The Queer Eye reboot on Netflix is about making people over - inside and out - and one aspect of these transformations is the home renovation. The best Queer Eye home makeovers manage to capture the unique spirit of each episode's homeowner, while making the space both functional and visually stunning. In some cases, it's a tall order, but the show's resident interior designer Bobby Berk makes it all look remarkably easy.
Homes aren't the only properties receiving facelifts in this trending incarnation of Queer Eye. Berk remodeled other spaces for the show's subjects - known as "heroes" - as well. For instance, one episode featured a church community center makeover, and another included the redecoration of a fire station. There is no space Berk can't transform into something attractive, comfortable, and livable.
Queer Eye doesn't shy away from tackling tough social issues like racism, police brutality, LGBTQ+ conversations, and difficult family dynamics. But alongside those important discussions, Bobby's greatest home makeovers add an aesthetically pleasing element to people's lives. Vote up the stunning home transformations you can't even believe, hunny!
Season 1, episode 2 finds the Fab Five dealing with Neal, a bearded, mountain-man-like techie who lives with his best friend, a dog named Forever. As dogs tend to do, Forever has shed all over Neal's apartment, which isn't exactly Buckingham Palace. There are sectional sofas, broken window blinds (thanks, Forever!), a tragic little outdoor area, and a shower Jonathan likens to "a skin tag."
Bobby sweeps in and works his magic, then voila! Neal has a home again. It's transformed into a modern showplace with sleek lines and contemporary finishes. The shower is clean, and the deck becomes a place where people would want to sit.
Season 1, episode 3 is all about Cory, a cop in Georgia with a penchant for NASCAR and costumes. His home is a mishmash, to put it mildly. The upper level is only in minor disarray - cheap decor and junk fill in spaces better kept open and minimized - but the basement is where the problems lie. The clutter reaches to the rafters, and the walls have a rubber lining.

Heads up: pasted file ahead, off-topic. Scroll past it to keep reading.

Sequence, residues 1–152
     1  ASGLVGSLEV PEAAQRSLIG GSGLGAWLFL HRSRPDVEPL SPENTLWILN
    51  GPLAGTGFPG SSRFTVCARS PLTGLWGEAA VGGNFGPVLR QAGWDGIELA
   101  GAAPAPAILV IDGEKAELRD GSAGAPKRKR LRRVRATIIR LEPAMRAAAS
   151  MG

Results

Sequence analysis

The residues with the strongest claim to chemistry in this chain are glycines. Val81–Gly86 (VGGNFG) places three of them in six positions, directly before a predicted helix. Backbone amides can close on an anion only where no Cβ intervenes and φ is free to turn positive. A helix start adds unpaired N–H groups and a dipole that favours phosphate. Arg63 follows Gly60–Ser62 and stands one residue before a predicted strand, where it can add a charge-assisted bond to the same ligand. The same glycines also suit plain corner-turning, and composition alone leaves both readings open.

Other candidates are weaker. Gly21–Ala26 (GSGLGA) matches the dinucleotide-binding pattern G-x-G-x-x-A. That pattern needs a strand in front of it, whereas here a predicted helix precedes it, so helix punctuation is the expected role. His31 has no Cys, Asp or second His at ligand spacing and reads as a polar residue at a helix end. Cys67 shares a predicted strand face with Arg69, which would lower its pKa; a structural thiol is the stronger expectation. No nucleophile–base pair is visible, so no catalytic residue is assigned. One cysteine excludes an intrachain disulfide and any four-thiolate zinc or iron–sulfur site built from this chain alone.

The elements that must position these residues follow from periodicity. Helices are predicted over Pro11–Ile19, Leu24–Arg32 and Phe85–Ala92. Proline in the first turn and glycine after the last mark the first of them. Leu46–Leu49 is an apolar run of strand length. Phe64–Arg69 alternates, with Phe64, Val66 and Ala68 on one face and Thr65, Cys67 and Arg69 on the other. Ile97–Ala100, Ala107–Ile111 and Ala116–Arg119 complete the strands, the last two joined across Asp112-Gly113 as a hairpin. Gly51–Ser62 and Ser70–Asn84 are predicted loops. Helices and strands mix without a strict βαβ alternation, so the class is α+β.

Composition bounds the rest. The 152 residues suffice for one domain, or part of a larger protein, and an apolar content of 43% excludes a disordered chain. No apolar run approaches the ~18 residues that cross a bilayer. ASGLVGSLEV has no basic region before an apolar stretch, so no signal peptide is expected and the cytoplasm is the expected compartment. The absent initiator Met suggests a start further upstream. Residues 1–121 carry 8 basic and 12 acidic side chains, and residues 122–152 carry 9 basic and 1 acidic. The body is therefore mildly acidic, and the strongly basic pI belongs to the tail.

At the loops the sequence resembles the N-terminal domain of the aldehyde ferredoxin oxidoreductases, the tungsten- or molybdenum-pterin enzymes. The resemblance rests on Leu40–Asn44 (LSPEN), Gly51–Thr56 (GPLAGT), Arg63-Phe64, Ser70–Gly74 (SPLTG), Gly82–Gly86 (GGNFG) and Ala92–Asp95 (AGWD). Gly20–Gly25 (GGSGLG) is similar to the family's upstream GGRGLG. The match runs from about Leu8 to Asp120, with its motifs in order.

In the end, Bobby pulls out his magic wand and creates an overall living space with more continuity and flow, while also maintaining the basement as Cory's "man cave."
'Hose Before Bros'
The Season 1 finale tackles the case of Jeremy, a firefighter in Georgia whose goals for starring in the show are genuinely selfless. He wants the makeover not for his home, but for the fire station where he and his colleagues can make the best use of it. He also wants a style makeover not to look better or snag a date, but to be more presentable for an upcoming fundraiser for the station.
Bobby must turn a fire station into a place exuding the feel of a second home, and he succeeds marvelously; the kitchen alone is astounding. A sleek, masculine space with multiple refrigerators and microwaves, as well as a massive new oven and cooktop, means the firefighters now have plenty of room to prepare healthy meals, no matter what shift they're working.
'You Can't Fix Ugly'
The inaugural episode of the new Queer Eye tells the story of Tom, a lovable man living in a severely unlovable home. He basically lives in the basement of a larger house and watches TV from a recliner outside the house. The reason? So he can smoke cigarettes and drink "redneck margaritas" while he relaxes.
By the time Bobby completes the renovation, Tom has what feels like an entirely new living space. Even better: there's no more smoking recliner in the backyard. In fact, the entire outdoor area converts from a sad smoker's corner into an attractive spot for entertaining, complete with a table and chairs, as well as a groomed patio.